Is the Official Lottery Fair?
Official Lottery is a state-run gaming operation responsible for administering, regulating, and enforcing the North Dakota lottery. The Lottery is a fun way to play for your chance to win big prizes such as cars, cash, trips or even a home. But remember to be responsible and never play more than you can afford to lose. If gambling becomes a problem call 2-1-1 or GamblerND in North Dakota or Gamblers Anonymous for help.
The modern lottery began in New Hampshire in the 1960s, but humans have been playing games like this since the beginning of time. In fact, some of America’s earliest colonies were funded, in part, through such games. Today, the lottery is a billion-dollar industry that’s protected by a fortress of laws and bureaucracy, and it’s a major source of revenue for most states. But is it fair?
Cohen explains how the lottery emerged in the nineteen-sixties, when growing awareness of all the money to be made in the gambling business collided with a crisis in state funding. As the population grew and inflation rose, states found it increasingly difficult to balance their budgets without raising taxes or cutting services—and both of those options were highly unpopular with voters. So, politicians turned to the lottery, which they promoted as a “budgetary miracle,” allowing them to raise hundreds of millions of dollars without facing the wrath of their constituents.
As a result, Cohen argues that the lottery became a “popularized alternative to taxation”—one of the most successful political tactics in American history. But, while supporters of the lottery argue that it’s a “tax on the stupid,” as a retort to critics who point out that players don’t fully understand how unlikely it is that they’ll win, the truth is more complicated than that. As with all forms of gambling, lottery sales are responsive to economic fluctuations: they increase as incomes fall and unemployment rates rise, and their marketing is most heavily focused on neighborhoods that are disproportionately poor, Black, or Latino.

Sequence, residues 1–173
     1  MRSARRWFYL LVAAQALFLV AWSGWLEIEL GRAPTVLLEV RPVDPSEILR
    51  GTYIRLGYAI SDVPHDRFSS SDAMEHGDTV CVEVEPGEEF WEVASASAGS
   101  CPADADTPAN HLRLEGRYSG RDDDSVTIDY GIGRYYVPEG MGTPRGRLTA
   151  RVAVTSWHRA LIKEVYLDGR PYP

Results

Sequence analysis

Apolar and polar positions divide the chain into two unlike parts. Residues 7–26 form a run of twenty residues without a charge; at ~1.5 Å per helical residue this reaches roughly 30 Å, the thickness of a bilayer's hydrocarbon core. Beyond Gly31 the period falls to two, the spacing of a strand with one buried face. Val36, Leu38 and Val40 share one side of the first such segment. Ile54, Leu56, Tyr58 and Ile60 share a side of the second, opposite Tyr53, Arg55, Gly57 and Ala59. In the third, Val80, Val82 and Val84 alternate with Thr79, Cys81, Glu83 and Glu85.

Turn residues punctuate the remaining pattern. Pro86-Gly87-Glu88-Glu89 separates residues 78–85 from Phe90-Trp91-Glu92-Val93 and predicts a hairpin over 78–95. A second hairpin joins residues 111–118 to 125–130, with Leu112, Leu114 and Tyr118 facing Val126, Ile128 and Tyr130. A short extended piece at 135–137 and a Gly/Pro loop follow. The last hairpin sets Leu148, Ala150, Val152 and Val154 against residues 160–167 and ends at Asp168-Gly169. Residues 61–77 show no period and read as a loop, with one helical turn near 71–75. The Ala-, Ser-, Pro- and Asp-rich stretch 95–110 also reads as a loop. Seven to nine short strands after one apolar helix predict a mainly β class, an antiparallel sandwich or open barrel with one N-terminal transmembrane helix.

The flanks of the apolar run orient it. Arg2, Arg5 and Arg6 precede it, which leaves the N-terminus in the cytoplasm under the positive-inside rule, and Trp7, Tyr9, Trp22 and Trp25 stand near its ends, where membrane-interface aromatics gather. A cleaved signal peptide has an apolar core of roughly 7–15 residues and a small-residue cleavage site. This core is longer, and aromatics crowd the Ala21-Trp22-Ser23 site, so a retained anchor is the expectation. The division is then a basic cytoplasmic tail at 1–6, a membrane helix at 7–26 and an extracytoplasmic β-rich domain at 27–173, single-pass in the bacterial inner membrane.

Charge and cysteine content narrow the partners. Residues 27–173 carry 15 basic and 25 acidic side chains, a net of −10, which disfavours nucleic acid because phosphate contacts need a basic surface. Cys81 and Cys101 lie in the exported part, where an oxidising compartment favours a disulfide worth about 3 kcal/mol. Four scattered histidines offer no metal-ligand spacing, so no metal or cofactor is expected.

Winners must be at least twenty-one (21) years of age to purchase tickets and claim prizes in person. Unless otherwise specified on the ticket, winners will be required to provide a valid photo ID and proof of residency when they claim their prize. If a winning ticket is in the name of a trust, the trustee must provide proof of authority to act on behalf of the beneficiary.
In addition, winning tickets in New York must be claimed in person at Lottery Headquarters or at one of our Area Offices. Click here to find an office location near you. Please note that New York State Law requires all winners to provide the commission with a valid Social Security number or other identifier before claiming a prize. The winner’s Social Security number will be used to verify the legitimacy of the prize and to check for possible claims or offsets on the prize amount. This information will not be used for any other purposes.